Stories of Transformation: King’s Way Foursquare Church Aims to Climb Past the Plateau
King’s Way Foursquare Church near Sequim, Washington had plateaued and senior pastor Mike Vanproyen wanted to see the church push through. They had been averaging over 350 in attendance, but could never seem to break the ceiling of consistently drawing 400 on Sunday morning.
Persuing his master’s degree at Northwest University, Vanproyen made his goal his thesis project. He interviewed eight pastors of similar churches who had broken the 400 barrier and he turned to TCAT to help him better understand his own church.
According to Vanproyen, the church was in a good season and had accomplished some things of significance, but there was a sense among both the elders and regular church attenders that “God still had more to do.”
TCAT, or the Transformational Church Assessment Tool, provided him with the practical information he needed to make some changes and celebrate already existing successes at King’s Way.
After involving the entire church body in the evaluation process, Vanproyen discovered they were strong in leadership and prayer, but were weak in discipleship and community outreach. Learning this, the leadership and the members set about to make changes.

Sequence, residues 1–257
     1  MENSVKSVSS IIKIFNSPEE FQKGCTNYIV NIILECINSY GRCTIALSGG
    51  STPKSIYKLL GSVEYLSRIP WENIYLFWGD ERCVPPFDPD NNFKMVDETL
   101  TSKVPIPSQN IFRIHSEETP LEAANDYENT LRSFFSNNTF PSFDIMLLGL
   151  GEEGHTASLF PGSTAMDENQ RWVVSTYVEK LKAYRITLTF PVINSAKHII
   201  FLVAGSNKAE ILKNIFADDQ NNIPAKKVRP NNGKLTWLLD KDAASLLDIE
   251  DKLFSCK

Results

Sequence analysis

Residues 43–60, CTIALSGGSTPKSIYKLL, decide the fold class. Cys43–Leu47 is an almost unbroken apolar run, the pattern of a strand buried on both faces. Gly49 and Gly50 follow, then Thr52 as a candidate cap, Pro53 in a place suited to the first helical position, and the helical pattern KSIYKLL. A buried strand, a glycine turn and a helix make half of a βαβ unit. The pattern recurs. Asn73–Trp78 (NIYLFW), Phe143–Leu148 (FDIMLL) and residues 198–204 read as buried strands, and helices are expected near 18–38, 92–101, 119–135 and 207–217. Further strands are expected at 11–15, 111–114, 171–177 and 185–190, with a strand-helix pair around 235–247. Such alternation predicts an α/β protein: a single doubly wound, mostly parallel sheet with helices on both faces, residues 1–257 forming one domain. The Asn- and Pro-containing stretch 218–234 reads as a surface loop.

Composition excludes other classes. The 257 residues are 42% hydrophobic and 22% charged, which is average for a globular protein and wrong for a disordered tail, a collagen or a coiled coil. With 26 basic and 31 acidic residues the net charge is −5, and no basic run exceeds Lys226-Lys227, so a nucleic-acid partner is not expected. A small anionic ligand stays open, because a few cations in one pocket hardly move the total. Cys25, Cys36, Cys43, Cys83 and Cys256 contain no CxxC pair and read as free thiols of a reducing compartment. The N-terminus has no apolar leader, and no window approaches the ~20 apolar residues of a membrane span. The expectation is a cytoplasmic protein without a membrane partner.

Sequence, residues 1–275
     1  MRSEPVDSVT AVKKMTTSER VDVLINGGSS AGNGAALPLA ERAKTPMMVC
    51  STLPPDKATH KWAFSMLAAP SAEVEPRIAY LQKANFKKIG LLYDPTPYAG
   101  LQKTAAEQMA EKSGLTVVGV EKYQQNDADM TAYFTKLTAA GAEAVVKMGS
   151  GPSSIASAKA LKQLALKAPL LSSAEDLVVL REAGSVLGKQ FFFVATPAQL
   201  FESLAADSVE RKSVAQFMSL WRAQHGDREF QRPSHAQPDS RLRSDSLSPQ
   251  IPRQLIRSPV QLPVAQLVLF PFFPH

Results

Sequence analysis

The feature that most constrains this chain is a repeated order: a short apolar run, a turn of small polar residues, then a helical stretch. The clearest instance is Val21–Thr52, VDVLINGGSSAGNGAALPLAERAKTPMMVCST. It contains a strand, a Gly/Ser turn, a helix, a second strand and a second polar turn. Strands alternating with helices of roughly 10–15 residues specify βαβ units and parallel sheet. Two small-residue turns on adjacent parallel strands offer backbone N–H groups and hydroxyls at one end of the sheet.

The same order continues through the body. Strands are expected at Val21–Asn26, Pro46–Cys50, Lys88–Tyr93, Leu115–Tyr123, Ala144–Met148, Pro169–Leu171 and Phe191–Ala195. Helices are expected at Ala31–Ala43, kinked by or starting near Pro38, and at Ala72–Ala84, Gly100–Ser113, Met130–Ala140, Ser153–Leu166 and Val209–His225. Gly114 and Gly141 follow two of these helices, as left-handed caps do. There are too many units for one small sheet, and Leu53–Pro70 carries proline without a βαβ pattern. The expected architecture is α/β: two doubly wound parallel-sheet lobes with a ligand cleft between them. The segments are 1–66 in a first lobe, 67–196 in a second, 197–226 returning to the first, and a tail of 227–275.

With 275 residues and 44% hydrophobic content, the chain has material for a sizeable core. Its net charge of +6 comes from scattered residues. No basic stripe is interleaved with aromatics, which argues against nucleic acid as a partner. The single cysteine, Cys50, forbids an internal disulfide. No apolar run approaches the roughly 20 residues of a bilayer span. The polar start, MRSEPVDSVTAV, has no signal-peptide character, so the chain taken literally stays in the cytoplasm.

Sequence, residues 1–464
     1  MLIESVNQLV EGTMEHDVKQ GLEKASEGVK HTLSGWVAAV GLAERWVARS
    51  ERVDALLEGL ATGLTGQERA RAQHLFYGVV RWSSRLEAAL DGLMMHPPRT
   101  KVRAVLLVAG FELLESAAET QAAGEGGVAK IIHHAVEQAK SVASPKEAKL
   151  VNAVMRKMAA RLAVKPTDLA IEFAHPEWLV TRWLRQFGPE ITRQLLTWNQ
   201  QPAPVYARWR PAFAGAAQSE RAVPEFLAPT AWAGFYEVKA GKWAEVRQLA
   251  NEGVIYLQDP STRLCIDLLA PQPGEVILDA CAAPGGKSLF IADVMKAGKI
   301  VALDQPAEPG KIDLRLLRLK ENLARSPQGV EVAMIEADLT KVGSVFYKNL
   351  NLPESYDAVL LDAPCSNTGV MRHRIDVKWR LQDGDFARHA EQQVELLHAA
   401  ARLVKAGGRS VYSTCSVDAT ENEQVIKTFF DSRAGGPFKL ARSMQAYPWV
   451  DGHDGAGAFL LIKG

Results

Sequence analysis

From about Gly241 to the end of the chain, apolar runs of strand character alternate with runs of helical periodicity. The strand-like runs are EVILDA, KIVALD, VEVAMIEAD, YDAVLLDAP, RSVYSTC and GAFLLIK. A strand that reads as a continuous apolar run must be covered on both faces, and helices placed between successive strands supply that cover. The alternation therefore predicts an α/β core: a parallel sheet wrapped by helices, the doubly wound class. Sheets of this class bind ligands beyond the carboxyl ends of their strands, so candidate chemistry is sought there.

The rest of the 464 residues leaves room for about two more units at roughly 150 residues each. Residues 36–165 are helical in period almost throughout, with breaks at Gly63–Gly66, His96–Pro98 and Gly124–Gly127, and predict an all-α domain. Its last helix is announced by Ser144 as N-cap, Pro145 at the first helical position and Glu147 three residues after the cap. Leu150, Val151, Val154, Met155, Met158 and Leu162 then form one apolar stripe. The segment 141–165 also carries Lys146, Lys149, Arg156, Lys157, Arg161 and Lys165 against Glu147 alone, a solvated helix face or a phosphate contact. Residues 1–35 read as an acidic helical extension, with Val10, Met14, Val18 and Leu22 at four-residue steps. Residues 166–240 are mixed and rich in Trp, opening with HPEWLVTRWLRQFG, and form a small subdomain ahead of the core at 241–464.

To help visitors and new members transition and find places to connect with the church, Vanproyen said they decided to start simple. They built a welcome center and staff it with people ready to answer questions and point others to areas where they can learn and serve. He says it has provided “a visible point of where the process starts.”
While King’s Way had a small group ministry, Vanproyen said it tended to be more care groups than focused on discipleship. One of the elders felt led to start a program he had participated in at another church that takes attendees through five separate levels of teaching and discipleship. Since starting that, 70 individuals have already graduated the first level.
To confront their low score on intentionally reaching their community, Vanproyen decided to help the congregation develop what he calls “Commissional consciousness.” He’s doing this so “the Great Commission gets into the consciousness of the church. In other words, it’s not just something that we teach. But it becomes who we are.”
Part of developing this, Vanproyen says, comes from their adding an additional service that meets once a month that “solely centers on seeking the empowerment of the Lord for mission.” Currently, they have around 70 people attending these services that are designed to prepare them to reach the community.
Vanproyen believes King’s Way will break the 400 barrier and feels TCAT has been part of that process. “I think every pastor is looking for the magic key,” he said. “But the bottom line is, it just takes a lot of work and TCAT is a tool for part of that work.”
It provides an “excellent picture” of where your church is currently, he said, but the key is follow-through on the information it provides.
More information about TCAT can be found online at tcat.lifeway.com.